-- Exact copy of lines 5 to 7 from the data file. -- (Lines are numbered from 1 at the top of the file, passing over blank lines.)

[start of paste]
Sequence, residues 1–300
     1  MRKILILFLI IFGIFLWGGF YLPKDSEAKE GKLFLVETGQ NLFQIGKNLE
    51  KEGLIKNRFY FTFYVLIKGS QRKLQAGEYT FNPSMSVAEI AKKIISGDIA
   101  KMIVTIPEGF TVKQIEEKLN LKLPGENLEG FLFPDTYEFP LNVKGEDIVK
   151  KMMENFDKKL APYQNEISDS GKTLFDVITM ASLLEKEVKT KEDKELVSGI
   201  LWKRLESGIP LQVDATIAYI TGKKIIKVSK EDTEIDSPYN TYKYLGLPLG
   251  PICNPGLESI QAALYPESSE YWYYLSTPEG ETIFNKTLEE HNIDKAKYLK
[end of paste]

   151  KMMENFDKKL APYQNEISDS GKTLFDVITM ASLLEKEVKT KEDKELVSGI
   201  LWKRLESGIP LQVDATIAYI TGKKIIKVSK EDTEIDSPYN TYKYLGLPLG
   251  PICNPGLESI QAALYPESSE YWYYLSTPEG ETIFNKTLEE HNIDKAKYLK